How Human Performance Technology And Learning Experience Design Are Integrated

How Human Performance Technology And Learning Experience Design Are Integrated
Monkey Business Images/
Summary: Learning Experience Design, LXD, is big and broad, and encompasses the entire ecosystem of learning both on the macro and micro scale. A trend is occurring in the eLearning space, where ISD models have taken precedence over HPT, and we miss out on the broader context of performance solutions.

Human Performance Technology And Learning Experience Design: Are They Mutually Exclusive?

How many times over the span of your career have you been asked to develop training, either Instructor-Led Training or an eCourse by a client or a boss where the training/eCourse was an implied solution to a performance problem? It’s happened to me more times that I can count on both hands throughout my career and while I smile and say "no, problem, I’ll get on this right away", my mind goes to that place that says, "My title is Instructional Designer because freaking miracle working isn’t an official job title". People in our field know that even a miracle plus a course does not equate to performance. The most recent time it happened was a few months back when a client came to me and asked for an eLearning course. The client told me they were implementing a new eCommerce system which was being integrated with a legacy ERP system and a new CRM system. Their processes were ill-defined, and they were still in the sandbox environment because the user acceptance testing had not been completed yet. While most of you are probably thinking, "run-away", my mind went to Human Performance Technology, HPT, and thinking about how we can make HPT more agile.

Learning Experience Design

Learning Experience Design (LXD) is big and broad, and encompasses the entire ecosystem of learning both on the macro and micro scale. A trend is occurring in the eLearning space where Instructional Design models, Agile, and rapid eLearning development tools have taken precedence over HPT. They talk about using models such as ADDIE, SAM, Agile, and LLAMA to name a few. By sticking to these models, we miss out on what would be the broader context of how a performance solution is structured in terms of the need’s analysis, the cause analysis, and how the causes connect to the training intervention rather than some type of performance intervention.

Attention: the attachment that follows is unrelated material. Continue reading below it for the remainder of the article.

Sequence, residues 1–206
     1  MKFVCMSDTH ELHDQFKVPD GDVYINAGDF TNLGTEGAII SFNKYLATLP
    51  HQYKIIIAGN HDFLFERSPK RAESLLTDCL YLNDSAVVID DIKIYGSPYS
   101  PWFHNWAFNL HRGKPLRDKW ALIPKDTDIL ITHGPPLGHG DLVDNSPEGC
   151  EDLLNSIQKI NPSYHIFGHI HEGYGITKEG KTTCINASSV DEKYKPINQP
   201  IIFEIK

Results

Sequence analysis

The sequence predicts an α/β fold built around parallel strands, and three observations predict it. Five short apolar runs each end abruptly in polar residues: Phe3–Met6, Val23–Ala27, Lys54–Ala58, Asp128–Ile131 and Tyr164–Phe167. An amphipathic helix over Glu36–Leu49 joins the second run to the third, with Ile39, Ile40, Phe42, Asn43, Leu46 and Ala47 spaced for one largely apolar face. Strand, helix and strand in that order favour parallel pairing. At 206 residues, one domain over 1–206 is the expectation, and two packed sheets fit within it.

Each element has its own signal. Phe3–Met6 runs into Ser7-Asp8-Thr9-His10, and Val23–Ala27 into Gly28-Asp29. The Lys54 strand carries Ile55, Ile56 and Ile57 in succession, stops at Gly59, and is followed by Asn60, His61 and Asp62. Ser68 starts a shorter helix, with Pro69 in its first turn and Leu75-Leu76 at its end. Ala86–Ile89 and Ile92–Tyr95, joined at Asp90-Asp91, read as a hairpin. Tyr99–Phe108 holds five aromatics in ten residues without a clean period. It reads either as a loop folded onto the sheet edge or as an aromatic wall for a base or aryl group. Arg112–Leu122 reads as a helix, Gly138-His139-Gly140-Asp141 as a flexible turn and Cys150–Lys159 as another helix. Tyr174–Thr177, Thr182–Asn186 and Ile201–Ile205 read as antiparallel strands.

Let’s review the models, starting with:


Agile is a program management process born out of software development. In the agile process, all the activities, the tasks that are to be done, and the persons to do these tasks are all decided up front. After prioritizing the activities, a few of them are selected and the rest are put on a backlog to be addressed later. In the agile process, there are iterative learning cycles with the focus on the stakeholders over processes. Instead of adhering to detailed plans, the process is responsive to change.


The "ADDIE" model, which stands for: analyze, design, develop, implement, and evaluate, was created for the US army in the early 70’s. In the analysis phase, issues and problems are identified. Course purpose, learning outcomes, and objectives are determined in the design phase. Content and structure occur in the developing phase. In the implement phase, a pilot run of the course occurs, (formative evaluation) and finally in the evaluation phase, a summative evaluation takes place. ADDIE has been criticized for being linear and predictive, as well as antiquated. In this classic model, designers, Subject Matter Experts, and stakeholders tend to work in silos, and there isn’t much opportunity to change the course specifications after the first two phases. Learner testing isn’t always completed until just before the implementation, so little can be done to align course objectives with the required performance.